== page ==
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Point of View: Pride (Right Now)

pride - j. scott coatsworth

Every year, Pride Month rolls around in June, and I ask myself, “What does Pride mean to me?”

This year, the question feels especially urgent, in light of the horrifying anti-queer and anti-trans laws being passed in states all around this country, laws that seek to shame us and send us back into the closet or make us flee their borders.

When I was six years old, I knew I was different. I didn’t have a name for it at that age – back in the mid seventies in a small town like Tucson, “gay” wasn’t a word you ever encountered in polite conversation, and certainly not one you would use around a small child like me.

There were other words, though, words that were thrown around with abandon (and often the special venom reserved only for the most horrible of things).

Once I discovered what being gay was, I stayed deep in the closet for years. Some kids teased me in school – it was especially bad in seventh grade – but more for being the scrawny unathletic kid who was often the teacher’s pet.

Still, I made it through (relatively) unscathed, and in 1992 I met Mark, the love of my life (and my husband). And when I finally came out to everyone else – family and friends – I learned what Pride meant for the first time.

If you’ve never come out, it’s hard to explain how this feels. Imagine as a small kid, you are handed a sack and told to carry it over your shoulder. As you grow up, people approach you, each one putting a stone in your bag. They are labeled “sissy,” “f@gg@t,” “disappointment,” “weakling,” “shame,” “disgusting,” and many other words besides.

Friends, family, people on the street – everyone feels entitled to add one, and if you protest, you’re told it’s your fault, that this is the burden you have to bear. Sometimes they don’t even realize they’ve done it. And your shoulders slowly sag under the weight.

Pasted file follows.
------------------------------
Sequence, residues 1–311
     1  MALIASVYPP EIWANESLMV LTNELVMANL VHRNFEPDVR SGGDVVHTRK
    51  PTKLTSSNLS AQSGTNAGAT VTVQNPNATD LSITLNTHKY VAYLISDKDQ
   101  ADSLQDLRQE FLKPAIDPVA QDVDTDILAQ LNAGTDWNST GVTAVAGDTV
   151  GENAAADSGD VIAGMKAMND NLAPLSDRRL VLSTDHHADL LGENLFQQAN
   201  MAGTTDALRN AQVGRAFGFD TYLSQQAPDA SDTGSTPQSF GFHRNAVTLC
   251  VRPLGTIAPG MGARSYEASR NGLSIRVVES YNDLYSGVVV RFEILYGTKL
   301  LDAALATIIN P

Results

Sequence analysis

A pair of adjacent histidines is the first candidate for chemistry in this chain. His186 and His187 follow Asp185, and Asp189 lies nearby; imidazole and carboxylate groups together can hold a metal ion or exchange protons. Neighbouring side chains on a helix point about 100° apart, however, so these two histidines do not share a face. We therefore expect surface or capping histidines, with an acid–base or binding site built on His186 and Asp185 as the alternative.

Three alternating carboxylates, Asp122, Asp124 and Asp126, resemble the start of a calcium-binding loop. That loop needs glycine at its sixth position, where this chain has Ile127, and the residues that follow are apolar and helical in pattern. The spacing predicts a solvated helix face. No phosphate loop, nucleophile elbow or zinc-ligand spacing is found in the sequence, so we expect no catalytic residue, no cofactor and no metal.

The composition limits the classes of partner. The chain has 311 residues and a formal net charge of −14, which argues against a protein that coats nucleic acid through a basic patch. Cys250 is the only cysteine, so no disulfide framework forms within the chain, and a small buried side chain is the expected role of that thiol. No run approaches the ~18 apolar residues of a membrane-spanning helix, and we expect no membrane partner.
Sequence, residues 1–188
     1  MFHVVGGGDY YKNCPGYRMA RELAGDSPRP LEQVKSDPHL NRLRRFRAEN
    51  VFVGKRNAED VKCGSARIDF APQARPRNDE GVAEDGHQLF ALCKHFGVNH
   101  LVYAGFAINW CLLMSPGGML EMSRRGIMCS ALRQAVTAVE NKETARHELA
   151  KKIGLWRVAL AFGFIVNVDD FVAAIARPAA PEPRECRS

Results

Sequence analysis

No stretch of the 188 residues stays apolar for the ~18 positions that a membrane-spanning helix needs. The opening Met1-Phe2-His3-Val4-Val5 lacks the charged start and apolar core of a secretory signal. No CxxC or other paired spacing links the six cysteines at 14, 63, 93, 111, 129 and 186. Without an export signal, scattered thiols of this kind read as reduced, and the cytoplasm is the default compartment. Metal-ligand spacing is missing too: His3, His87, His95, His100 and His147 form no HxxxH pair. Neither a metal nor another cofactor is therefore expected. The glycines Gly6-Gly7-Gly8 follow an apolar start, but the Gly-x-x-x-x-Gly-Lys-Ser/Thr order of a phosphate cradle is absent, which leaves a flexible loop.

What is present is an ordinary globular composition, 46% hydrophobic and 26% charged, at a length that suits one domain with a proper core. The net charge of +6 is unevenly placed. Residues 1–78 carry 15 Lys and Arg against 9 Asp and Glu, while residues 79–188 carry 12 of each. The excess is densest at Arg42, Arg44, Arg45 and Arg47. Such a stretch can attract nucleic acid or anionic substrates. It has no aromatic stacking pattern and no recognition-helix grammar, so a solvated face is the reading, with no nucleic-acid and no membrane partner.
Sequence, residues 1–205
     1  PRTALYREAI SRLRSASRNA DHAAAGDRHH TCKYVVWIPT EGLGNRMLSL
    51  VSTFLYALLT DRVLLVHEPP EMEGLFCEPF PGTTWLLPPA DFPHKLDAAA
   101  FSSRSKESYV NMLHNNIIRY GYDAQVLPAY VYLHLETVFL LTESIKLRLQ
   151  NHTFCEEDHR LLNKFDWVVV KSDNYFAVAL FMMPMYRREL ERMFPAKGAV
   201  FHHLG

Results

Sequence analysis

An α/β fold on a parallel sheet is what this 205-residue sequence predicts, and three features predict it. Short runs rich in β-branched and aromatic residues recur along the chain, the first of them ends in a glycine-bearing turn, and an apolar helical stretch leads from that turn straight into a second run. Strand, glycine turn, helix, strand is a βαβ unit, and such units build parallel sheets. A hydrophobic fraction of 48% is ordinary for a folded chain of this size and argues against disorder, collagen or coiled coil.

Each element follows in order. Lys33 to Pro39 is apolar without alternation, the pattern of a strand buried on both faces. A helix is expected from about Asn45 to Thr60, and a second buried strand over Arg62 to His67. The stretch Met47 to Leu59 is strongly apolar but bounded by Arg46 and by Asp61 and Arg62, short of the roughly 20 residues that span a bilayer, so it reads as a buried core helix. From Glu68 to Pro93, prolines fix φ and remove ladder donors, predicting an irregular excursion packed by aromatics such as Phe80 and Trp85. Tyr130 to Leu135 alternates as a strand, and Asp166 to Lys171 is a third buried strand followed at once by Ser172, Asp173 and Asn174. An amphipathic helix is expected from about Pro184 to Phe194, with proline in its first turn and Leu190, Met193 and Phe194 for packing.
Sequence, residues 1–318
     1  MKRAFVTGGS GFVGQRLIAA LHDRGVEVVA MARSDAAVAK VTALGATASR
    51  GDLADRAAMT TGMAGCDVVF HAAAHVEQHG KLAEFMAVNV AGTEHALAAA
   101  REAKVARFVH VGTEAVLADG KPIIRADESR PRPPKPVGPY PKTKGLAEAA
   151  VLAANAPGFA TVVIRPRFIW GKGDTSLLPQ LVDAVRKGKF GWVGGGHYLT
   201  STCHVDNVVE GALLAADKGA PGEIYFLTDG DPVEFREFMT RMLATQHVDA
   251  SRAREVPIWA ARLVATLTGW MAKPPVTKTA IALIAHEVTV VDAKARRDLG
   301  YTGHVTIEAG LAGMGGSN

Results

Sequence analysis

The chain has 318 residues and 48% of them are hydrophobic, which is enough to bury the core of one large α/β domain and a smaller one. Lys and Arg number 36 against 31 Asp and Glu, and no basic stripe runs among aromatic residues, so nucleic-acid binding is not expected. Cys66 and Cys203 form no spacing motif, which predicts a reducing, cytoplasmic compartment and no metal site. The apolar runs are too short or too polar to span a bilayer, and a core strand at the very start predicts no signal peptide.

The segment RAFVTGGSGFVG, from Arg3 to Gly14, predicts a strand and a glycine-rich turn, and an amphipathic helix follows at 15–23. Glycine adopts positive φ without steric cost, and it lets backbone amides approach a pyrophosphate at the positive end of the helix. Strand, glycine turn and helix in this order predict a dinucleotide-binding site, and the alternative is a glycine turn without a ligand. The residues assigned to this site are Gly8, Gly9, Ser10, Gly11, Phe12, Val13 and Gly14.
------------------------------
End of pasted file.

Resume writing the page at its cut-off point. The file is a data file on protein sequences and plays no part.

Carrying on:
Sometimes, in the dark at night, or alone with a close friend, you’re allowed to put down the sack for a few minutes to catch your breath. You treasure these stolen moments, but in the morning, you know you will have to pick it up again.

And then one day, someone tells you the secret.

You don’t have to carry all that weight. Those stones aren’t yours – they belong to the people who gave them to you. They are not yours to carry.

You can set down the sack and leave it behind, and you can do it right now.

When you finally let it go, the whole world changes, as the weight you’ve been carrying around for so long is suddenly just gone.

That’s what Pride is.

That unexpected clarity of mind, that startling revelation that we are exactly what we were made to be. That the part of our lives that was used to shame us is actually the thing that makes us beautiful, if we only are brave enough to let it enfold us.

That’s what Pride was for me, the first time I felt it.

Over the years, its meaning has shifted. For a while, it was the marvelous feeling of being surrounded by people like me, of being the majority in our own little world for an afternoon or a day.

Later on, it was the Pride of the struggle for our rights, the long, pitched battle to make the world see we were beautiful, we were worthy, we would no longer be denied.

There was the Pride I felt when all of our community’s hard work finally paid off – when I married my husband in 2008, and seven years later when the Supreme Court told all the world it was true. The day we marched hand in hand, two married men, wrapped in the love of hundreds of thousands of people lining the streets for San Francisco Pride.

So what does Pride mean to me now?

This weekend, our local LGBTQ+ authors group the Queer Sacramento Authors’ Collective had a book sales booth at Sacramento Pride. As people approached the booth in waves looking for books that reflected their love, lives, and experiences, I felt at home. Alive. Engaged.

Mark said I was in my element, and he was right. Not just as a writer, but as a proud gay man who no longer carries the weight of other people’s expectations about who and what I am.

Pride is living as my best self among people who love and appreciate me, not in spite of the fact that I am gay, but because of it. Pride has made me a stronger, happier, more compassionate person than I would have been without it.

Pride (right now) is my life.

What is Pride to you?

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